PDF is excited to tell you that this week’s announcement of the Nobel Prize in Medicine – awarded to Yoshinori Ohsumi, Ph.D., of the Tokyo Institute of Technology – has intriguing implications for Parkinson’s research. Dr. Ohsumi received the Nobel Prize for his work to understand autophagy – the way our body’s cells recycle and dispose of waste to stay healthy. About 15 years ago, a PDF-funded research team recognized the importance of Dr. Ohsumi’s groundbreaking discoveries and applied them to Parkinson’s.
Since then and continuing today, PDF scientists have been unraveling the role autophagy plays in Parkinson’s. Dr. Ohsumi’s work was pivotal to PDF advancements and because of your support, PDF-funded discoveries are helping us to understand autophagy and point us toward new therapies.
“I used to be a ‘do-er.’ Now I’m a ‘half do-er.’”
These are the words Kris Gjerde, a PDF Advocate from St. Paul, MN, used to explain why she voted for apathy in the Third PDF Community Choice Research Awards survey. She wants solutions so she can keep doing the things she loves.
Since the survey launched earlier this month, she and more than 500 people with Parkinson’s and care partners have voted for their research priorities, ranging from sleep issues and anxiety, to gait difficulties and dyskinesia.
Why is Kris’ feedback — and yours — so important?
At PDF, our strategy for ending Parkinson’s is to build a team of leaders in research, health care and the patient community and mobilize them to work together toward the cure. That’s one reason we were excited to see 100 members of the PDF team together at the 4th World Parkinson Congress (WPC) in Portland, OR.
One place our team showed their collaborative spirit was in the poster presentations. Throughout the week, the PDF team presented posters sharing advancements in PD research and care.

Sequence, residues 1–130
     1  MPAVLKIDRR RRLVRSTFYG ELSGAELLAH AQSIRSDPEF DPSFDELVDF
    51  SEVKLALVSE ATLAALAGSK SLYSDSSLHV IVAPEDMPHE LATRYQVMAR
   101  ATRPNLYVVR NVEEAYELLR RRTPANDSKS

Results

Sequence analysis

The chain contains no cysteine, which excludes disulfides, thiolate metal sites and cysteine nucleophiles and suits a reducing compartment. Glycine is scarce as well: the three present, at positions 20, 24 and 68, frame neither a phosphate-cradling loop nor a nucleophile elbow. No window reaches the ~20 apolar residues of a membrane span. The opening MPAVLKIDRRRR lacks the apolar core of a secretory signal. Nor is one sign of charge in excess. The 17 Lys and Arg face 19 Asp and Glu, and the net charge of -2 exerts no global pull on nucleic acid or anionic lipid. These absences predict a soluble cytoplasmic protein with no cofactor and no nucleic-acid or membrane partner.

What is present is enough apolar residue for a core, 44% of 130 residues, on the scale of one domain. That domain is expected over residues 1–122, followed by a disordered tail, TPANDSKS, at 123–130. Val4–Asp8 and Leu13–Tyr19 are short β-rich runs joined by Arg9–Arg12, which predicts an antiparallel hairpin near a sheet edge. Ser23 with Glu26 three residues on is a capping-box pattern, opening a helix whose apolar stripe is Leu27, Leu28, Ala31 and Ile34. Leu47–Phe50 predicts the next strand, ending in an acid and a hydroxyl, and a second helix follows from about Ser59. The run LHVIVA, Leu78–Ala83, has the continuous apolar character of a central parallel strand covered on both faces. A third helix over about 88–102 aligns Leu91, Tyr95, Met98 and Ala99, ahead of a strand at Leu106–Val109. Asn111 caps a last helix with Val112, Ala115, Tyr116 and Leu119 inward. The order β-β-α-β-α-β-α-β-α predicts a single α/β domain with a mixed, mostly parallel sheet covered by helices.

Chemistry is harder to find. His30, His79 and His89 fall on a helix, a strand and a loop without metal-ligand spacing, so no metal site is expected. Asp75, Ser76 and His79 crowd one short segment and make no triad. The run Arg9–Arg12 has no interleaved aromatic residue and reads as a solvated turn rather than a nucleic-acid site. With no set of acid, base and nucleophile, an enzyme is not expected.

Many PDF posters, several of which are highlighted below, were authored by teams comprising PD professionals (scientists, doctors, nurses), staff and PDF patient leaders.
What happens when thousands of people touched by Parkinson’s disease get together? That’s exactly what’s happening at the 4th World Parkinson Congress (WPC) in Portland, OR, where a record 4,500 people PD, care partners, researchers, and health professionals from around the globe have gathered to advance treatments and a cure.
The answer? A lot happens. The WPC is chock full of educational seminars, scientific sessions, roundtables, poster presentations, music performances, exercise, yoga and more. The hardest part is choosing where to go. Here’s an update on what the PDF team saw and did on day 2 (Wednesday).
It’s a word Dan Novak, Ph.D., Chair of the PDF People with Parkinson’s Advisory Council, used recently when describing the World Parkinson Congress (WPC).
Last night in Portland, OR, it proved true. It captured the feeling of walking into a room with 4,000 people (people living with Parkinson’s, care partners, researchers and health professionals) who all share one goal — a world without Parkinson’s. As part of this week’s WPC reports, see our summary of last night’s awe-inspiring Opening Ceremony.
This week, the Parkinson’s Disease Foundation is on site at the 4th World Parkinson Congress (WPC) in Portland, OR. Our team of 100 staff, patient advocates and PDF-supported researchers and health professionals joins more than 4,000 delegates from around the globe who are all working toward the same goal: a world without Parkinson’s.
Each day, we’ll bring reports to you. Yesterday (Tuesday) was a pre-congress day before the formal program had begun, but it kicked off in full force! Here is what our team saw and heard.